He then proceeded to put on a shirt and shoes, and his persona changed into the captain.      Shows you should not judge by appearance!        To be totally fair, he was a great captain, gave us lots of information about the trip and kept us totally safe.










Yes, we saw this bear on the shoreline.       I have been amazed at the number of bear we have seen on this adventure.     This is a black bear, despite it's brown coloring.     I've learned to look at ears, rears and humps to differentiate between black bear and grizzlys.    

The best indicators are the size of the shoulders, the profile of the face and the length of the claws. The grizzly bear has a pronounced shoulder hump, which the black bear lacks. It also has a concave or “dished” facial profile, smaller ears and much larger claws than the black bear. Black bears have a flatter, “Roman-nose” profile, larger ears, no visible shoulder hump and smaller claws.

This knowledge could save your life if you get caught in a potential bear attack situation.        If you are attacked by a grizzly you should play dead.    However, if you are attacked by a black bear, playing dead will be like wearing a sign that says "This is your dinner".      Fortunately, I never had to test these recommendations!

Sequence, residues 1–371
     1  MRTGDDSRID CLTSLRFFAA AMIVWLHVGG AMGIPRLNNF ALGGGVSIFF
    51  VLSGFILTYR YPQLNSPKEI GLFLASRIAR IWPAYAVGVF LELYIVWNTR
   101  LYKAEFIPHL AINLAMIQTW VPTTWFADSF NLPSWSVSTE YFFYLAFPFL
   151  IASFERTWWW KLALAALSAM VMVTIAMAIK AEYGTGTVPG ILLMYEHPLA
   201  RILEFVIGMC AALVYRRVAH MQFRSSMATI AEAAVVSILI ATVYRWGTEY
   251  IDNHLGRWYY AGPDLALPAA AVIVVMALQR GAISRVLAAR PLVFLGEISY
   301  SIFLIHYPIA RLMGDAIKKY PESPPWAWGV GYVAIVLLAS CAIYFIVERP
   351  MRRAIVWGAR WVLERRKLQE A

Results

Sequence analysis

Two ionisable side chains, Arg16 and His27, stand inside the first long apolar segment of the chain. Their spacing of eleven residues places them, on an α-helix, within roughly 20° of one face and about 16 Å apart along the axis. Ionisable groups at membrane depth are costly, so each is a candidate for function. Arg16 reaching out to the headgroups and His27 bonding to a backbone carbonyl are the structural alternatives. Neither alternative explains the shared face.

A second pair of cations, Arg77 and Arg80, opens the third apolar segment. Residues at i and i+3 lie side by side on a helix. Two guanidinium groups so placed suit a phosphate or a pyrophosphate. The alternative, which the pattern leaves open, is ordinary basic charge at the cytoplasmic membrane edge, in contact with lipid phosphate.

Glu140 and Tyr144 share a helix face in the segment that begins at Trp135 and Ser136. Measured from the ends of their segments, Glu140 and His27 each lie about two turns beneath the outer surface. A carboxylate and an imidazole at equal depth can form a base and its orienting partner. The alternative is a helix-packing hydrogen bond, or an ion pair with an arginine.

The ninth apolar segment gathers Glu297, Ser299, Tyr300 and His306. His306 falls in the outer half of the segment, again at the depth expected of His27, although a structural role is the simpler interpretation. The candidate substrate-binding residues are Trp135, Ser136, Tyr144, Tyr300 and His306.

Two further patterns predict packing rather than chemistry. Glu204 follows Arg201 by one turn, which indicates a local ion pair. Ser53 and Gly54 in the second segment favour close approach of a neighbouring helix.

On the return trip we saw another bear at a different location.







I love the color and design of this rock wall.        To me it looked like an abstract painting.




These colorful rocks were in the lake.



The Village of Waterton is charming.       It has only a handful of year round residents  (single digits) but is vibrant with hotels, restaurants and shops during the summer months.

We fell in love with this town and park and will probably return in the future.